• Social Comfort Zone Expansion: humans tend to have a greater aversion to trying new things socially than is maximally effective, and one way of viscerally teaching System 1 this lesson is by trial-and-error of taking small risks. Posting on Less Wrong, especially, e.g., in a special thread, is really a low-risk action. The pang of losing karma can feel real, but losing karma really is a valuable signal that one should try again differently. Also, it's not as bad as failing at taking risks in meatspace.

When I've received downvotes for a comment, I interpret that as useful information, try to model what I did wrong, and thank others for correcting my confused thinking. If you're worried about writing something embarrassing, that's understandable, but realize it's a fact about your untested anticipations, not a fact about everyone else using Less Wrong. There are dozens of brilliant people with valuable insights at the ready, reading Less Wrong for fun, and who like helping us answer our own personal questions. Users shminux, and Carl Shulman are exemplars of this.

This isn't an issue for all users, but I feel as if not enough users are taking advantage of the personal value they can get by asking more questions. This comment is intended to encourage them.

Comment author: peter_hurford 06 October 2014 04:04:18PM 6 points [-]

I had a similar experience asking about my career choices.

Comment author: peter_hurford 03 October 2014 11:28:06PM 4 points [-]

Thanks for your hard work on putting this together! It's so inspiring to see everyone's profiles!

Comment author: peter_hurford 25 September 2014 05:25:40PM 4 points [-]

I like Julia Wise's thoughts in "Cheerfully".

(Personally I aim for donate 20%, invest 20%.)

Comment author: gjm 15 September 2014 11:30:00AM 11 points [-]

These are 10 different propositions. Fortunately I disagree with most of them so can upvote the whole bag with a clear conscience, but it would be better for this if you separated them out.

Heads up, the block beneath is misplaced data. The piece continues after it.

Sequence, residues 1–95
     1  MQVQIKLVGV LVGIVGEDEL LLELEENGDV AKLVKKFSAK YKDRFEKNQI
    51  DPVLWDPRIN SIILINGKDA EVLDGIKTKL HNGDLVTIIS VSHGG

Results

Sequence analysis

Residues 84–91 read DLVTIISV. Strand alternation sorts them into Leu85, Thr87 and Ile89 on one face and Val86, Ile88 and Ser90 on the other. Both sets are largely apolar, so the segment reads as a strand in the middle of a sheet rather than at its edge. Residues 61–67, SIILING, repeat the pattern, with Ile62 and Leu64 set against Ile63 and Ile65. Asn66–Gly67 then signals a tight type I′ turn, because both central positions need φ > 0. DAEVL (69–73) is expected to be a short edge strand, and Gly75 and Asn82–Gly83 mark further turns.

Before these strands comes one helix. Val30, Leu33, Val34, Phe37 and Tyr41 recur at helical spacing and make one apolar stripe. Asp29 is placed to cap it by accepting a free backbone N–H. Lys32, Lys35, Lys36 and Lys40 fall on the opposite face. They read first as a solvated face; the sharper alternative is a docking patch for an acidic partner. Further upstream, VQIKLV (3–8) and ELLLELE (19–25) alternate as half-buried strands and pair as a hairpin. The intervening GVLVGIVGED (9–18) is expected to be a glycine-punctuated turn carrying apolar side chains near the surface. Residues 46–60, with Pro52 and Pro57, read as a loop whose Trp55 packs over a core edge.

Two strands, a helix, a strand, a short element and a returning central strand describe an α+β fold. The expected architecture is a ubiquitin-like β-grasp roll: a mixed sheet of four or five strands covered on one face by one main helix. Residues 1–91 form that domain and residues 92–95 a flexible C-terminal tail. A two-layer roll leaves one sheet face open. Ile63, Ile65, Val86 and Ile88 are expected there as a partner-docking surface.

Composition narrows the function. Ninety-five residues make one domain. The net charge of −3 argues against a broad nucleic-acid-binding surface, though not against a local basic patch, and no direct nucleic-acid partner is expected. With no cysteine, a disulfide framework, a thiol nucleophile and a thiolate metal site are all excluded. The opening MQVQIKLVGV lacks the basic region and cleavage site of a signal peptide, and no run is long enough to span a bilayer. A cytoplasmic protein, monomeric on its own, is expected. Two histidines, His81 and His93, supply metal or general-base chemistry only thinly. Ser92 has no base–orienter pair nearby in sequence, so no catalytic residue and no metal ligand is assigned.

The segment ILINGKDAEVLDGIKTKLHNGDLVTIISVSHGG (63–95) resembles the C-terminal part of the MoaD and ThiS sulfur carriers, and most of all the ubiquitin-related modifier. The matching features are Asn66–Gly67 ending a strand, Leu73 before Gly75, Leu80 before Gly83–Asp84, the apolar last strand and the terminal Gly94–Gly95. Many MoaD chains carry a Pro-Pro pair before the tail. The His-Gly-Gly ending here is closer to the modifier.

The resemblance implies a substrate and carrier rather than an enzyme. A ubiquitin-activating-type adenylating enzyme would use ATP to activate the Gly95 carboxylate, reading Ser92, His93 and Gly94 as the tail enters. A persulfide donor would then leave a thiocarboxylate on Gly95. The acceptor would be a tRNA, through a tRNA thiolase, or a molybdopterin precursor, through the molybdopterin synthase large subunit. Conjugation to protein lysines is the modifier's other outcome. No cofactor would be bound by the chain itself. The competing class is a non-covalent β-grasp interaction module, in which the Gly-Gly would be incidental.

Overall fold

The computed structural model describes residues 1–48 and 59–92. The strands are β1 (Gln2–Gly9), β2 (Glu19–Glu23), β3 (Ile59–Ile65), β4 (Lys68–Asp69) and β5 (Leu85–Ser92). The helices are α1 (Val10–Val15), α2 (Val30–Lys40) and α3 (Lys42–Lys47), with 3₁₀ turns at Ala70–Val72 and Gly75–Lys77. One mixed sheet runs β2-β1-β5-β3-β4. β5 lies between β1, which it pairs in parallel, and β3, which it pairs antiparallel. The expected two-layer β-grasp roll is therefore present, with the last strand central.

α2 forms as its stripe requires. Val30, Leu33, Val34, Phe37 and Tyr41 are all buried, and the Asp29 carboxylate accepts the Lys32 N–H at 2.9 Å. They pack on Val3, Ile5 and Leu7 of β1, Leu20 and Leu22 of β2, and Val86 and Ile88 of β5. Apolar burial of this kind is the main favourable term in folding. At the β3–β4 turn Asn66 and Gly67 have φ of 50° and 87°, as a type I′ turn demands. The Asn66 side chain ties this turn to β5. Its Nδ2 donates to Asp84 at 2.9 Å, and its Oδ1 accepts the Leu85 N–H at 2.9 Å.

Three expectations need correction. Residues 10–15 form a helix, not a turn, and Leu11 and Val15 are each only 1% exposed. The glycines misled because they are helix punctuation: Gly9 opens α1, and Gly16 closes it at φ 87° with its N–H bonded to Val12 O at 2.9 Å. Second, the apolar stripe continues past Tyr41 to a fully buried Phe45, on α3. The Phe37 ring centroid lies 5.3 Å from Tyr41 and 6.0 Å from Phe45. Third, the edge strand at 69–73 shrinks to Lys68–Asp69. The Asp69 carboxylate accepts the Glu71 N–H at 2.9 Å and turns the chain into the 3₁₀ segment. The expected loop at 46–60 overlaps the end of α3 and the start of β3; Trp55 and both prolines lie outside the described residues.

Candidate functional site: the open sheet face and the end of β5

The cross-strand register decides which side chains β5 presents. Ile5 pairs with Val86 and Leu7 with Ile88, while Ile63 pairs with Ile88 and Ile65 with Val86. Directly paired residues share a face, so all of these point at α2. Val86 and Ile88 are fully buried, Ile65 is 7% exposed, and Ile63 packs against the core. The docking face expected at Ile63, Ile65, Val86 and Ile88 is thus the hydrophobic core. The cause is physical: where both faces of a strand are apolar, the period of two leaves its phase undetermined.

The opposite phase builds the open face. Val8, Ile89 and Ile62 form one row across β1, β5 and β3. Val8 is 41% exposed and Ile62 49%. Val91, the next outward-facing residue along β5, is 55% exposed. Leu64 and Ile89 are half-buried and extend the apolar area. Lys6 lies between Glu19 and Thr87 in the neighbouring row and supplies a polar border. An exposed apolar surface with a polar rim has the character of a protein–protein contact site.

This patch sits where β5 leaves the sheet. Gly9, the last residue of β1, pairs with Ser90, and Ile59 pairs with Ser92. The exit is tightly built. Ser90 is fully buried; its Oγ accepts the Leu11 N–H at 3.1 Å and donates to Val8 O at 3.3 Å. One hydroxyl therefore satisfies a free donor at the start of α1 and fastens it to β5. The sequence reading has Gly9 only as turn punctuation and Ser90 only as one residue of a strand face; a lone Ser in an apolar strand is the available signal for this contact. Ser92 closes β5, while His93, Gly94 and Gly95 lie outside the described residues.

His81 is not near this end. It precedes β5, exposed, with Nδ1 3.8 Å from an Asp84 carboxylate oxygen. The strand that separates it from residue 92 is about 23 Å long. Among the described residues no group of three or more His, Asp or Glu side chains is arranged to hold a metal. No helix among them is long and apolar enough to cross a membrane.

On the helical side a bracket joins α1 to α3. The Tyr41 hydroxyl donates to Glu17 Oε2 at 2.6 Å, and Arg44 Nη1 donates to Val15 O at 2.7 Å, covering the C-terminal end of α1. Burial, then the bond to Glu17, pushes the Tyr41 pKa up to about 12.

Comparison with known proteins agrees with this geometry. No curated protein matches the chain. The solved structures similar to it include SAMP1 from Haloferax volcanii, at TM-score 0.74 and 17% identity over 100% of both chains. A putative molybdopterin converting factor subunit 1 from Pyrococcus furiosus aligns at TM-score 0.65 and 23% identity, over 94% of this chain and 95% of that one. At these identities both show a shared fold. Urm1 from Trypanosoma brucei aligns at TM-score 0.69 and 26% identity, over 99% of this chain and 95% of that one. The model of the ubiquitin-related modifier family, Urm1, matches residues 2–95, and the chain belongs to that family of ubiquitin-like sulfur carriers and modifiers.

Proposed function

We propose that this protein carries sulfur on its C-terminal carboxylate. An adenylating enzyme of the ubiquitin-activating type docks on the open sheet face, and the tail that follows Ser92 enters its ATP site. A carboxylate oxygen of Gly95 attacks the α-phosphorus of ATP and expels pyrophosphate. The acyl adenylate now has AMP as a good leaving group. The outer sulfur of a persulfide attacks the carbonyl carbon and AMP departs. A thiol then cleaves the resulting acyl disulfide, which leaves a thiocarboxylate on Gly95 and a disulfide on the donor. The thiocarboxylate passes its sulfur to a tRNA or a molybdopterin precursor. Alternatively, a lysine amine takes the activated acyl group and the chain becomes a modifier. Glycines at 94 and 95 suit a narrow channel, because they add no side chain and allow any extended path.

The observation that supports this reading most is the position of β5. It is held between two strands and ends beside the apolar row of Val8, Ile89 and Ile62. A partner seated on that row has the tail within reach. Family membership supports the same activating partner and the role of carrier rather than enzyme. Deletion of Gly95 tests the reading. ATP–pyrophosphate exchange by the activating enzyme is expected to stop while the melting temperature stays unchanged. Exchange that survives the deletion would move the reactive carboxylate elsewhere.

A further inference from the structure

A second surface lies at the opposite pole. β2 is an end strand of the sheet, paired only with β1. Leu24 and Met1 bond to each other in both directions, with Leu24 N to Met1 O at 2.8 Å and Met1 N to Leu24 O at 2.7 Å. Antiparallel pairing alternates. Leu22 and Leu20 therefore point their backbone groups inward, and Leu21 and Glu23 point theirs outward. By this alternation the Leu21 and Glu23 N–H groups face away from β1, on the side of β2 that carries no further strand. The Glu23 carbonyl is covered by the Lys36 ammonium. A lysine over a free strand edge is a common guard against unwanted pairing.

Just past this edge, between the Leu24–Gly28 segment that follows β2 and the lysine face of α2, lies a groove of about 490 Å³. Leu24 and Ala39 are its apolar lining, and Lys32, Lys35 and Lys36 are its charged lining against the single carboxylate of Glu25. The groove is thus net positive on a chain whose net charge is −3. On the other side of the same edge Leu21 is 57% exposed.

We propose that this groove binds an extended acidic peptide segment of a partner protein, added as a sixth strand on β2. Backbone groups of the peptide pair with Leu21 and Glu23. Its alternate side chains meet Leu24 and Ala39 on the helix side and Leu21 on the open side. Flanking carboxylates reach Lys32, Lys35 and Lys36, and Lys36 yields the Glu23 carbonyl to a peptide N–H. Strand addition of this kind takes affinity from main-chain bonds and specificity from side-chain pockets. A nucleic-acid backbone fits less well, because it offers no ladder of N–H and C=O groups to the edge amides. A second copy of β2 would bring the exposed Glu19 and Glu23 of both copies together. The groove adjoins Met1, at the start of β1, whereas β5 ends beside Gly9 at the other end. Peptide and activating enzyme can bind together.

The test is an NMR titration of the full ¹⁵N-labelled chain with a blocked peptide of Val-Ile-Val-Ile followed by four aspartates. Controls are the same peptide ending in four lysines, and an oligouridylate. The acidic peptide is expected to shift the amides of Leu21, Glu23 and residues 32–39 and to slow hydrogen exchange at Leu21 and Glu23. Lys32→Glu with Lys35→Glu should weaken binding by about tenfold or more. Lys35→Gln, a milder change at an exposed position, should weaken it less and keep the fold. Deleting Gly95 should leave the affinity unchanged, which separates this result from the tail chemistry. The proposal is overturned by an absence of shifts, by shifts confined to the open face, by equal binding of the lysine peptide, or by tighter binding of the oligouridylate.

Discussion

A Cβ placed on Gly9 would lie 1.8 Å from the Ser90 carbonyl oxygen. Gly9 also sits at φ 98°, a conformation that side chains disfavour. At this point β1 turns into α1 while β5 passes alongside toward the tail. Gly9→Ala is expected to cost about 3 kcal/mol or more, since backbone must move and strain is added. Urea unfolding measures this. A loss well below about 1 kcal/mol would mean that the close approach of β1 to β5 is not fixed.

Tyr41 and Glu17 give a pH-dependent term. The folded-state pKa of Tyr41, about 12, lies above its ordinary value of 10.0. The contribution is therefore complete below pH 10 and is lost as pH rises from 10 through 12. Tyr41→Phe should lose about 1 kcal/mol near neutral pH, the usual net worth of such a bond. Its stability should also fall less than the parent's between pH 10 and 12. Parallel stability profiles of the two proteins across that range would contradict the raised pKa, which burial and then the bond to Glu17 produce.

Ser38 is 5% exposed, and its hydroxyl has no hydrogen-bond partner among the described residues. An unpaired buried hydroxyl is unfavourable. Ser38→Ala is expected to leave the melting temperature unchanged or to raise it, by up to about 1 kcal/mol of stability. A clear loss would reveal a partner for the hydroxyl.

Comment author: peter_hurford 15 September 2014 02:49:43PM 3 points [-]

I agree with this meta-comment. Should I downvote it?

Comment author: JoshuaFox 08 September 2014 02:45:38PM 10 points [-]

Can someone point me to estimates given by Luke Muehlhauser and others as to MIRI's chances for success in its quest to ensure FAI? I recall some values (of course these were subjective probability estimates with large error bars) in some lesswrong.com post.

Comment author: peter_hurford 11 September 2014 03:37:54PM 3 points [-]
Comment author: Gunnar_Zarncke 30 August 2014 02:48:03PM *  2 points [-]

They asked curious questions :-)

I mainly relayed what blob had reported of his polyphasic sleep experiment during the Berlin meetup. And I tried to summarize what I knew about polyphasic sleep from the links and LW in general.

I also relayed that my second oldes son (8) by himself developed strongly segmented sleep with siesta during winter but fell back into mostly normal sleep after two weeks.

Comment author: peter_hurford 31 August 2014 02:07:22AM *  2 points [-]


I mainly relayed what blob had reported of his polyphasic sleep experiment during the Berlin meetup

Any link or description of that?

Comment author: paper-machine 30 August 2014 03:46:19PM 1 point [-]

You're being uncharitable. "[It's] likely [that X]" doesn't exclude the possibility of non-X.

If you know nothing about a probability distribution, it is more likely that it has one absolute maximum than more than one.

Comment author: peter_hurford 31 August 2014 02:06:41AM 10 points [-]

Maybe I am being uncharitable, but when Sophronius asks "[c]an somebody explain to me why people generally assume that the great filter has a single cause?" and you reply "I don't think anyone really assumes that", I have to admit that I've always seen people think of the Great Filter in terms of one main cause (e.g., look to the poll in this thread where people choose one particular cause), and not in terms of multiple causes.

Though, you're right that no one has said that multiple causes is outright impossible. And you may be right that one main cause makes a lot more sense. But I do think Sophronius raises a question worth considering, at least a bit.

Comment author: paper-machine 30 August 2014 12:41:57PM 3 points [-]

I don't think anyone really assumes that.

Comment author: peter_hurford 30 August 2014 02:43:56PM 2 points [-]

From the article:

The real filter could be a combination of an early one and a late one, of course. But, unless the factors are exquisitely well-balanced, its likely that there is one location in civilizational development where most of the filter lies (ie where the probability of getting to the next stage is the lowest).

That doesn't sound like it admits the possibility of twelve, independent, roughly equally balanced filters.